Professor Thomas Glick will retire on June 30, 2013 after more than four decades at BU. A prodigious scholar (the author, co-author and editor of 30 books and hundreds of scholarly articles), who has won every award the discipline offers (including Guggenheim, NEH, National Science Foundation, and Fulbright fellowships), Tom Glick is distinguished not only by the voraciousness of his quest for knowledge, but especially by the breadth of his achievements. Tom’s scholarship spans diverse fields: Medieval Spain, the reception of Darwin, the history of medieval technology, the work of Albert Einstein, food history. His interests run even wider—from contemporary politics to historical preservation (he is president of the Northeast Chapter of the Society for the Preservation of Old Mills). And amid this phenomenal output across an astonishingly broad range of fields, Tom somehow found the time and energy to serve two terms as department chair and even as acting director of the American & New England Studies program.
For over forty years, Tom has enriched the intellectual life of this university with the breadth and depth of his knowledge, his wry humor, and the infectious pleasure he took in the work of a historian. He frequently reminded us of just how fortunate we were to have our avocation as our vocation, and he really meant it.
Professor Anna Geifman has retired after 23 years on the BU faculty. Born in the Soviet Union, Anna Geifman emigrated to the United States as a child and, except for a stint as a Ph.D. student at Harvard, has spent her entire adult life at BU. She took her B.A. in 1984, joined the faculty in 1990, and departs now for a research appointment at Bar-Ilan University in Israel. A talented cook and formidable chess player, Anna raised two children as a single mother, both of whom emigrated to Israel (where he daughter now serves in the IDF).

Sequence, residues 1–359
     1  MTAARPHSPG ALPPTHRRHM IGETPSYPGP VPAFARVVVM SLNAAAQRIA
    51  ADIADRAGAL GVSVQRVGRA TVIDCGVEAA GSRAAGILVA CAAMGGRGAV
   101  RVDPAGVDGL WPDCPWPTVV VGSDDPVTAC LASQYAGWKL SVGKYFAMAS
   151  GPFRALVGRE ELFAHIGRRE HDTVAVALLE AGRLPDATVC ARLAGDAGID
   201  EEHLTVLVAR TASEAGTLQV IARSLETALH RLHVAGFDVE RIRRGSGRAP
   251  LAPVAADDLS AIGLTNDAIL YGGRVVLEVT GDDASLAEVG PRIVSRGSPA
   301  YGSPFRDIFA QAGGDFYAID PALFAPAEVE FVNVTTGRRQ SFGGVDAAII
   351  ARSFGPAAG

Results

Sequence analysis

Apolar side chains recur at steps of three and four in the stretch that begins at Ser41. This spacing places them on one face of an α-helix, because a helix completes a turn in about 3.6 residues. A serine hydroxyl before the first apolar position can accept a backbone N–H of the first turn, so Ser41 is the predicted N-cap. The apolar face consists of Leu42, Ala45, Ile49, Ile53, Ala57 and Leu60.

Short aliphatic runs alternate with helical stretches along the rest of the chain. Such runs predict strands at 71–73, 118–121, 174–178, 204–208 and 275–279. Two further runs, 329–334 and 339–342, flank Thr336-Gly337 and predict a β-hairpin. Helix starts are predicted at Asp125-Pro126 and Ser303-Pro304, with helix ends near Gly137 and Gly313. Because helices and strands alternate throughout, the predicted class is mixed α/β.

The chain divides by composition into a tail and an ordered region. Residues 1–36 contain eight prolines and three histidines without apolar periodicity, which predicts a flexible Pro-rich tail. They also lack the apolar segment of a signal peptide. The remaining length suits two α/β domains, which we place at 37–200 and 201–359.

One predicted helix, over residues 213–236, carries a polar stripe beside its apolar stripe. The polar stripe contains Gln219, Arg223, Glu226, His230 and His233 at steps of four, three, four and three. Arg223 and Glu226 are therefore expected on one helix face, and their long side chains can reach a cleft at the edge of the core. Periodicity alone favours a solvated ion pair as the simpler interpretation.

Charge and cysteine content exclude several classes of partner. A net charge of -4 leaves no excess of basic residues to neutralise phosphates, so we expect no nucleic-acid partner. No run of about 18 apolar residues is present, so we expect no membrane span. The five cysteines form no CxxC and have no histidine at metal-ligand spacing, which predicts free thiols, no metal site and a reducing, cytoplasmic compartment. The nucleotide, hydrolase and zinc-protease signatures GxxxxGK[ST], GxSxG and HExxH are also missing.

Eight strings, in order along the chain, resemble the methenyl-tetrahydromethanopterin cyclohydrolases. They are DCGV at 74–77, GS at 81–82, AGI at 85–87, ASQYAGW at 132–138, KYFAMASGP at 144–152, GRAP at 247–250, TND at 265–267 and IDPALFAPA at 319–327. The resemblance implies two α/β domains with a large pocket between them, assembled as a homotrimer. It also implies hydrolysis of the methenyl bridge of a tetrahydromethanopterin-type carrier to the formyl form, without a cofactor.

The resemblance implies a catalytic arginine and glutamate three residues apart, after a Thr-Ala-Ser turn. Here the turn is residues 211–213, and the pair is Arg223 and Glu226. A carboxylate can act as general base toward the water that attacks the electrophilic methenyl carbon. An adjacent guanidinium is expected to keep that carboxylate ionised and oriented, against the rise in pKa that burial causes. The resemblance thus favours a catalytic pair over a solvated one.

Professor Geifman’s scholarship focuses on terrorism in revolutionary Russia and on the modern phenomenon of terrorism more broadly. She is the author of numerous articles, the editor of several collections and the author of three books: Thou Shalt Kill: Revolutionary Terrorism in Russia, 1894-1917,; Entangled in Terror: The Azef Affair and the Russian Revolution; and, Death Orders: The Vanguard of Modern Terrorism in Revolutionary Russia. That most recent book brought together Geifman’s longstanding interest in psychological approaches to history, her expertise on revolutionary Russia, and her experiences living in contemporary Israel, developing a comparison between pre-revolutionary Russia and contemporary perpetrators of terrorism. Colleagues will remember Anna for the passion she brought to her teaching and scholarship
At the CAS Faculty Meeting on May 15, 2013, Professor Bruce Schulman received the inaugural Dean’s Award for Excellence in Graduate Education. The award recognizes a member of the CAS faculty whose commitment to excellence in graduate teaching, mentoring, and/or curriculum development has contributed significantly to the quality of education in the Graduate School of Arts and Sciences.